Tuesday, 20 November 2012

translations (part three)

An ABC of Translating Poetry
continued, part three
features excerpts of the essay only: follow the link to read in full
illustrations are from the international exhibition ofcalligraphy


A translation aspires to the kabbalah, wherein the universe is a system of permanent though fiery words; yet it wakes down on earth in the knowledge of its instability and impermanence.
Nazip Ismaigilov, "Be Kind"

Given the inconstancy of words and texts, can we demand miracles from human translators who work today to grace us with a poem?

In the Zohar (the Book of Radiance), the infinite (the eyn sof) lies not in a stationary mass but in two forms of undulatory movement: darkness and light.  


Foremost among fidelities is fidelity to beauty in the original poem. Should the new poem not have beauty, the translator has traduced our faith in sense, word, and letter.


Mastery lies in the manipulation of the clay. She pours content into a form of her own creation in her own language. 


The translator plays with nothingness, with la nada, and from nothing comes everything. 

Untranslatable lines are natural meadows of translation and yield the best wild herbs. 

What has never been done in the adopted language will expand its thematic and formal boundaries and its literature. 

Traditions of theme and form are altered by the infusion of poems from other languages, especially the impossible ones.

Massimo Polello,

Non ti ricordar de’ peccati della mia giovinezza (Forgotten of the sins of my youth ...) Psalms 25:7


Translation is voyage and the poet takes a translation across the ocean. Any ship of any description may be qualified to reach port, sailing across the sea of fidelity or the sea of license.
The ocean offers all things, including these mixed metaphors about the translation of poems.

 see also:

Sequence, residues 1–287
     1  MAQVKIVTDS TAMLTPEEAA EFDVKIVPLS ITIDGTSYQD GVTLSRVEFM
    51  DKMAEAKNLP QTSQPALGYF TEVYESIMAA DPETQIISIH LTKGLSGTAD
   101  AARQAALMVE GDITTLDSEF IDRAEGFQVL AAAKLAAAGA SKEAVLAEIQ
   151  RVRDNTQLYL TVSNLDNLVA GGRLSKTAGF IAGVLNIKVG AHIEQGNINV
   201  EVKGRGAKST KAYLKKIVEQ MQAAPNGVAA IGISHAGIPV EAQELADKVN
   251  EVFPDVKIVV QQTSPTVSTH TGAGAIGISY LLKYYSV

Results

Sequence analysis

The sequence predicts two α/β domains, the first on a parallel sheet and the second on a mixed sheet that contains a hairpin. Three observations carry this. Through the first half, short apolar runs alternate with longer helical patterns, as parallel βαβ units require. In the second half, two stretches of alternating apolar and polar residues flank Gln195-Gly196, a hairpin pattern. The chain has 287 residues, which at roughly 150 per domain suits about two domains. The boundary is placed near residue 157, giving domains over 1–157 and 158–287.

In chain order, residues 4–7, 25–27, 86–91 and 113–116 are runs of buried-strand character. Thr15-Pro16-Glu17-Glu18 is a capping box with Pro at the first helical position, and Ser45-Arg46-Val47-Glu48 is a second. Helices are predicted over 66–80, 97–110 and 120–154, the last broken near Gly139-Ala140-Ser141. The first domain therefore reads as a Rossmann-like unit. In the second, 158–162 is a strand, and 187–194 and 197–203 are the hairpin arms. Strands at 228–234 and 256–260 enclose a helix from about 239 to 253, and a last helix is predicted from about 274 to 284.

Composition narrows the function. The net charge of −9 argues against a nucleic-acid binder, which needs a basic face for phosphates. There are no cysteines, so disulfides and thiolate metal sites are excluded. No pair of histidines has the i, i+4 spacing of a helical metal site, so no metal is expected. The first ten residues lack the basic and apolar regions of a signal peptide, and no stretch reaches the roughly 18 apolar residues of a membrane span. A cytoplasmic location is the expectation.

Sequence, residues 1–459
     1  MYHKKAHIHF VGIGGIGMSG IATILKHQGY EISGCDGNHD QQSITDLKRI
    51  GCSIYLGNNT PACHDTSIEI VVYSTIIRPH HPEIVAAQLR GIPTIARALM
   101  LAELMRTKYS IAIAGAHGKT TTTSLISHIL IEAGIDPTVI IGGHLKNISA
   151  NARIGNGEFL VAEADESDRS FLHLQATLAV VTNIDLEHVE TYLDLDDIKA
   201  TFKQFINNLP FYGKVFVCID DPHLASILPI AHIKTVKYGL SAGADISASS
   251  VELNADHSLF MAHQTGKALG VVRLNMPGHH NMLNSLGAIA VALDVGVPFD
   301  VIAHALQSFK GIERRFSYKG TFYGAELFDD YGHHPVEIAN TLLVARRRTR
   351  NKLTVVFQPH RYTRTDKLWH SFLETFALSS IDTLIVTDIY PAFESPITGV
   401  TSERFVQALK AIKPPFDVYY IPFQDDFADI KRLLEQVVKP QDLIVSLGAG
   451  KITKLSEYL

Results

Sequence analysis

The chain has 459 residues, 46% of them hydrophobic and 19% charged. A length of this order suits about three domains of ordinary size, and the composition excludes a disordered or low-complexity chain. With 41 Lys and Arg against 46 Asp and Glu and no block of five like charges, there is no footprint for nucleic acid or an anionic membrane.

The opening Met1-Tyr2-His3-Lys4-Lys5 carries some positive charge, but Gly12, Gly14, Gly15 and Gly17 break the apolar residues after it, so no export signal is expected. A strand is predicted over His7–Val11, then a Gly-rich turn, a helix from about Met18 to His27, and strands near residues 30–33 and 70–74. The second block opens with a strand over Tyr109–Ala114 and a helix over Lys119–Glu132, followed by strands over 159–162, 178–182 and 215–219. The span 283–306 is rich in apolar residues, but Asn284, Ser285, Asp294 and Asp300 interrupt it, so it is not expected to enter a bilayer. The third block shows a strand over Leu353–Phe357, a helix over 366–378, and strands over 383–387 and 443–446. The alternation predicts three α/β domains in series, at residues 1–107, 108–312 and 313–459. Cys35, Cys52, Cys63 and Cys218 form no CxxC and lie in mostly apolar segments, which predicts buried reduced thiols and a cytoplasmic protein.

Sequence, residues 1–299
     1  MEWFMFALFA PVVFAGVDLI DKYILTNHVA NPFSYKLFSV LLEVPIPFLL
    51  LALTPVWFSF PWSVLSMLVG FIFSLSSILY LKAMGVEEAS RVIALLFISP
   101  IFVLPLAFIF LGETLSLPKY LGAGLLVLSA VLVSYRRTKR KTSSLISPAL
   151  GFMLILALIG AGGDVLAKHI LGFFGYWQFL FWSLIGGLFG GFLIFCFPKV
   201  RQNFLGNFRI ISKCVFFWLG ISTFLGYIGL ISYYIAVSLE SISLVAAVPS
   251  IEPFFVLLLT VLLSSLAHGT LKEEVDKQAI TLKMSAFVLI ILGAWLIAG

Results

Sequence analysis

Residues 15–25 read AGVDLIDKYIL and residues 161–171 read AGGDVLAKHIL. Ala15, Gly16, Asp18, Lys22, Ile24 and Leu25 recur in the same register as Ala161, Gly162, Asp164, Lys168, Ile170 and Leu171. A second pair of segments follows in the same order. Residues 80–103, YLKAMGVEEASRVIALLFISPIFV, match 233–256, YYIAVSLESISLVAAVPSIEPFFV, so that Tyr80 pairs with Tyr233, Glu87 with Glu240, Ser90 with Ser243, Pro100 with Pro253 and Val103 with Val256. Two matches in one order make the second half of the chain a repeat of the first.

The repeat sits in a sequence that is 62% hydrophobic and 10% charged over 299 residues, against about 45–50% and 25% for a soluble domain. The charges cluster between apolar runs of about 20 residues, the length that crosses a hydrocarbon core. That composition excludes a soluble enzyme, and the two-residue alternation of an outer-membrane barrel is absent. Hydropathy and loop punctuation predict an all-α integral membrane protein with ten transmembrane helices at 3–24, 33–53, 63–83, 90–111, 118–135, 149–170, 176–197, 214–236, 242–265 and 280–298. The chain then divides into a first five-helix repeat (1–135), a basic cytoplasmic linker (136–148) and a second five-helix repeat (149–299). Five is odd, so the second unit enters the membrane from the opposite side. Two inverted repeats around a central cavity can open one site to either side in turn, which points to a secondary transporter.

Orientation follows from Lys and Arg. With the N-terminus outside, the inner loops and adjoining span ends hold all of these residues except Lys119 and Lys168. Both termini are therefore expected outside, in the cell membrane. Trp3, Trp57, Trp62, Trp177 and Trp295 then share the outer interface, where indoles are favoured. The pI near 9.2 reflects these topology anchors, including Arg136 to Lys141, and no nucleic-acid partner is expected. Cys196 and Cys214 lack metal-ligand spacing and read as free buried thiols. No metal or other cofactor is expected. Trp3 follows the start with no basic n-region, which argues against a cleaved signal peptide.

translations (part one): A ~ F

translations (part two): G ~ J


also see:

Translating poetry, an unsung art 

Asmaa Abdallah  

... The two main questions [Randa] Abou-Bakr tackled during her talk were, “Is translating poetry at all possible?” and, “Why does translating poetry matter?” Although American poet Robert Frost once said, “Poetry is what gets lost in translation,” Abou-Bakr tells us that theoreticians have suggested several strategies to deal with the multi-layered nature of poetry in ways that are both meaningful and beautiful. One way is to prioritize and centralize one of its elements over the others; for example, the sounds, the meaning, or the meter. Others believe in approximating: adopting an approach of dealing with a large variety of elements all at once. Abou-Bakr however, subscribes to another school of translation, namely focusing on the emotional resonance of the poem.

“I like to keep my translations as close as possible to the originals in the sense that I do not try to be a poet on my own, but rather claim to myself that I am the prophet who has received a certain revelation — not a message — and I am now being trusted with the sacred task of transmitting it to others.”   read full article

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